|Oatly Oat Fraiche||Unsurprisingly given the name and brand, this vegan-friendly alternative to crème fraiche contains plenty of oats. In order to recreate the sourness of crème fraiche, it uses a fermented oat base, and chucks in some (plant-derived) lactic acid and malic acid to add a little tartness. It’s not a perfect replica to the dairy version, but it’s not far off and it’s certainly not at all unpleasant.|
Dairy Vs Plant-Based – Nutritional Values
|Typical Values (per 100 ml)||Sainsbury’s British Crème Fraîche||Oatly Creamy Oat Fraîche|
|Energy||1219kJ / 296Kcal||735kJ / 177Kcal|
|of which Saturates||21.6g||6.4g|
|of which Sugars||2.0g||4.1g|
Another cream, another vegan alternative that is significantly lower in fat and calories. Again the sugar content on the plant-based version is a little higher. But chances are you’ll be plonking this on a dessert of some kind so perhaps that isn’t a massive concern.
Vegan Clotted Cream
Unlike some other types of cream, at the time of writing, there are no vegan options when it comes to readymade clotted cream available to buy in supermarkets. As such, if you want your own vegan version of cream tea and scones, you are probably going to have to make your own “clotted cream”. This is not as tricky as it sounds and it fairly similar to vegan buttercream. Check out the details below.
How to Make Vegan Cream
If you fancy trying to make your own vegan cream, there are a couple of options which are really very easy.
How to Make Vegan Buttercream
Firstly, choose your favourite vegan butter or margarine, such as Flora Plant Butter. Whatever amount of butter/margarine you use, you’ll need twice that weight of icing sugar. Beat the butter and half the icing sugar together in a bowl, then gradually add the rest of the icing sugar until it’s all combined into a smooth paste. You might like to add a splash of oat milk, and perhaps some vanilla essence or other flavouring as you see fit. And there you have it: simple vegan-friendly buttercream ready to use as icing for you vegan cake.
How to Make Vegan Whipping Cream
If you want a very simple way of creating your own vegan-friendly whipping cream, here it is. Simply chill a can of good quality, full-fat coconut milk or coconut cream in the fridge overnight, then open it and scoop out the white solids, leaving any clear liquid behind (to use for something else, perhaps in a smoothie). Then whip up the coconut cream and you should see peaks beginning to form after a few minutes.
How to Make Vegan Clotted Cream
Based on a recipe from the National Trust, you can make vegan clotted cream with the same ingredient as you might use to make buttercream, i.e. vegan butter/margarine, icing sugar, vanilla essence and oat milk. The key difference is that you use a lot less icing sugar for “clotted cream”.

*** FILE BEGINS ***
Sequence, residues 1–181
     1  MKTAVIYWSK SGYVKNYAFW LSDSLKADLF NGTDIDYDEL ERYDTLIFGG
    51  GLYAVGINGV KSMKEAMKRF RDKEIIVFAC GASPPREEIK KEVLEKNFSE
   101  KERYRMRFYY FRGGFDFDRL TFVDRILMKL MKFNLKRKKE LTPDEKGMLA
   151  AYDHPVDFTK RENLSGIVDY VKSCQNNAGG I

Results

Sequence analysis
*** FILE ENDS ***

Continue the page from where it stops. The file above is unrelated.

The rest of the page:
Based on the recipe mentioned above, you use 175g of vegan margarine, ½ a teaspoon of vanilla essence and just 60g of icing sugar and a tablespoon of oat milk. You just beat the marge with the vanilla essence in a bowl until fluffy, then gradually add the icing sugar and a splash of oat milk (if required). And there you have your vegan clotted cream. It might not taste exactly like the real thing, but it at least looks the part!
Does Vegan Cream Taste Like Dairy Cream?
When it comes to some vegan alternatives, it is hard to get a really accurate replica of the original in terms of the taste. One example of this would be vegan bacon, which is notoriously tricky to replicate (though there are some very good vegan-friendly bacons out there that do certainly make a decent effort!). However, we are happy to report that when it comes to vegan cream, our non-vegan guinea pigs have informed us that there really is very little difference in taste and texture compared to the dairy options… at least with most cream types.
This is certainly the case with single and double cream and whipped (spray) cream. Though it is a little less so with the likes of vegan crème fraîche or indeed whipping cream made from coconut milk/cream (as it will obviously retain the flavour of coconut, but this might well appeal for certain desserts).
Conclusions: Vegan Cream Is Healthier & Tastes Good Too
There is little doubt that vegan creams are generally significantly lower in fat (including saturated fat) and calories than their dairy counterparts. They are sometimes a little higher in sugar and usually dairy creams contain a bit more protein. On balance though, we’re happy to say that vegan creams are far healthier than dairy creams as the difference is saturated fat levels is considerable.
The other big plus is that most vegan creams we have encountered taste a lot like dairy cream and on the whole fulfil the same culinary functions. In a blind taste test, someone accustomed to eating dairy cream would usually be able to tell the difference. However, for long-time vegans there are many excellent products out there that deliver the goods, and others that with a little getting used to will certainly please even non-vegans.
All in all, vegan cream is a great option for vegans, but also for non-vegans who are concerned about the health or environmental consequences of consuming dairy products. After all, dairy is scary (Disclaimer… not for the faint of heart!).